Blue/Orange – review
Young Vic

Published: Tuesday, May 31, 2016 8:30 AM | Review by: Lloyd Lewis-Hayter |
Daniel Kaluuya (Christopher) and Luke Norris (Bruce) in Blue Orange at the Young Vic © Johan Persson Daniel Kaluuya (Christopher) and Luke Norris (Bruce) in Blue Orange at the Young Vic © Johan Persson

Your mind is left spinning with questions, sadness and anger for all those being failed by our ever dwindling system.

First staged in 2000 at The National Theatre, The Young Vic has revived Joe Penhall’s Olivier award-winning play with good reason.


Getting into the crux of the failings of our mental health care for black men especially, Blue/Orange doesn’t hold back in exploring every ugly stage of the money saving and corner cutting game forced upon those who are supposed to care for our most vulnerable.


Daniel Kaluuya (Christopher) in Blue Ora nge at the Young Vic © Johan Persson Daniel Kaluuya (Christopher) in Blue Ora nge at the Young Vic © Johan Persson

Christopher, a young black man living in Shepherd’s Bush has completed his minimum stay of 28 days at a psychiatric ward where he has been diagnosed with Borderline Personality Disorder. It is time for him to go home, but Bruce, an ardent and devoted junior doctor in his first month of training doesn’t think Christopher is ready to re-join the outside world.


Seeking a more experienced opinion, Bruce calls on his mentor and senior doctor Robert and unknowingly ignites a battle of morals, politics, humanity, institutional racism and ego.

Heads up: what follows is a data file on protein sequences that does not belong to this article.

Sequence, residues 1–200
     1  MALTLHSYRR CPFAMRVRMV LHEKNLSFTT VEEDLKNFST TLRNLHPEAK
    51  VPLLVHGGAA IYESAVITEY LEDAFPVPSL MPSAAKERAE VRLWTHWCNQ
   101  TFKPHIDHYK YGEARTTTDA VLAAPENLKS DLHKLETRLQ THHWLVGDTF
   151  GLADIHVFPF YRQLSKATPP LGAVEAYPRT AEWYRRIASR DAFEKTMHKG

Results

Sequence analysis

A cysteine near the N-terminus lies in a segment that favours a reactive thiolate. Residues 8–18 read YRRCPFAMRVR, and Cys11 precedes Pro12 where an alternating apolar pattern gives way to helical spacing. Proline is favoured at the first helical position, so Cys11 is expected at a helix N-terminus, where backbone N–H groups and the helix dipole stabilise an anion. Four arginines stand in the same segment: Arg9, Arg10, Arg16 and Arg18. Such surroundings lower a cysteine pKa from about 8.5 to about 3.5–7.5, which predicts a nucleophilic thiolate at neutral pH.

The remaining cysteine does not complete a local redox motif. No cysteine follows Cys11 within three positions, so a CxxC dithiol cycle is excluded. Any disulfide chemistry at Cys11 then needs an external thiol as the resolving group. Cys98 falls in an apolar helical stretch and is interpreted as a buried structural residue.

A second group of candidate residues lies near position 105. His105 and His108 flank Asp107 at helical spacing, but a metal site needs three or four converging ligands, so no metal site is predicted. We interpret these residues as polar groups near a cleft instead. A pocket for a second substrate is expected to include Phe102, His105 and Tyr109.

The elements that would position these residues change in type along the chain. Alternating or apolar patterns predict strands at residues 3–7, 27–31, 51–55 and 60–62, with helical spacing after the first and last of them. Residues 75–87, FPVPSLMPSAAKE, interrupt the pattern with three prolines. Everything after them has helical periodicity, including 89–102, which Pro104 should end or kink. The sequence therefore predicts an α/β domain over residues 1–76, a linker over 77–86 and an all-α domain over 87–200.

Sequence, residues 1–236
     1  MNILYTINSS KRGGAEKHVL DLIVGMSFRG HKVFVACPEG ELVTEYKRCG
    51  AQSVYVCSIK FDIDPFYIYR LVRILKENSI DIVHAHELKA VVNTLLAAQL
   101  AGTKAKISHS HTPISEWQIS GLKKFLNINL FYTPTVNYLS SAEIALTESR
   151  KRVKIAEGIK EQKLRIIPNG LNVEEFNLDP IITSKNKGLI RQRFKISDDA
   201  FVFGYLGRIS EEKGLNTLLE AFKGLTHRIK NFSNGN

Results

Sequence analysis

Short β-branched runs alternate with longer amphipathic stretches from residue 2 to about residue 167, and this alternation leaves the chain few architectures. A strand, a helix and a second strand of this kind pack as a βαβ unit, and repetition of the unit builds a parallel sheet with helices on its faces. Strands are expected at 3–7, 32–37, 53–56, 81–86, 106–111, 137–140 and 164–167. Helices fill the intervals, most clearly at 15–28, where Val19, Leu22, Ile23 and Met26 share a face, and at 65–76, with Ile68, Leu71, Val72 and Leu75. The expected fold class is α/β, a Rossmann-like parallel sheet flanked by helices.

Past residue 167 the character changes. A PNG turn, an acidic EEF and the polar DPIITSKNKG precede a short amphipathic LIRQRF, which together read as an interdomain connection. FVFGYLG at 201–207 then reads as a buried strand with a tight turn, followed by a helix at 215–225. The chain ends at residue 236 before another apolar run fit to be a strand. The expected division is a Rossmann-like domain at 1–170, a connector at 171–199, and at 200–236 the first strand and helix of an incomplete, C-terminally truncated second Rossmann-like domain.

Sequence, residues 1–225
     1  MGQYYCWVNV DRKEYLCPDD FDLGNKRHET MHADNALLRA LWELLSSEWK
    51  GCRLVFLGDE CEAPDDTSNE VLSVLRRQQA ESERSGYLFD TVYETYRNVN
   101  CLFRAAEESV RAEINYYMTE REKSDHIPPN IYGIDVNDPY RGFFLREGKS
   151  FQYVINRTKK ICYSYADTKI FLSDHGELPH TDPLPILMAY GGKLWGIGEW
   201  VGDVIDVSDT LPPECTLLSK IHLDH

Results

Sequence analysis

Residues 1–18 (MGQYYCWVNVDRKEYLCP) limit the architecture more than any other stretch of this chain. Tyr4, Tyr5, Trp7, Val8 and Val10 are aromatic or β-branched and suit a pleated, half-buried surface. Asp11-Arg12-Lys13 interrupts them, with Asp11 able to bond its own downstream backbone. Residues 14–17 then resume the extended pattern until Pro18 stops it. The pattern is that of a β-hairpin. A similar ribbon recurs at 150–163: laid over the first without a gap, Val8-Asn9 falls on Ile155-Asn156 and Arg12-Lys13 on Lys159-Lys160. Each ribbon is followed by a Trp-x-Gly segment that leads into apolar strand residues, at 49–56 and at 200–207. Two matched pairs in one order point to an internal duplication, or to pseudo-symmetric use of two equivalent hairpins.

15 years on from the original staging, diminishing NHS budgets unfortunately make Christopher's situation even more prevalent. The state of mental health amongst black people in the UK hasn't improved much either. There have been endless statistics reported that show the shocking disproportion between the black and white mentally ill. It was found in 2015 that black men in Britain are 17 times more likely than white counterparts to be diagnosed with a psychotic illness.


Director Matthew Xia (read interview), artistic director at Manchester’s Royal Exchange and founding member of Act For Change does a fantastic job in keeping the balance of power continually passing back and forth between the characters.

Blue/Orange doesn’t hold back in exploring every ugly stage of the money saving and corner cutting game forced upon those who are supposed to care for our most vulnerable


Originally cast with Andrew Lincoln, Bill Nighy and Chiwetel Ejiofor, Blue/Orange returns with a just as impressive cast. Luke Norris of BBC’s Poldark plays young enthusiastic Bruce, MBE and Olivier awarded David Haig is the arrogant consultant, and Daniel Kaluuya who broke through with his role in Skins portrays Christopher.


All three give mesmerizing and intense performances which keep you enthralled but exhausted by the end, as your mind is left spinning with questions, sadness and anger for all those being failed by our ever dwindling system.


Luke Norris (Bruce), David Haig  (Robert) and Daniel Kaluuya (Christopher) in Blue Orange at the Young Vic © Johan Persson Luke Norris (Bruce), David Haig (Robert) and Daniel Kaluuya (Christopher) in Blue Orange at the Young Vic © Johan Persson




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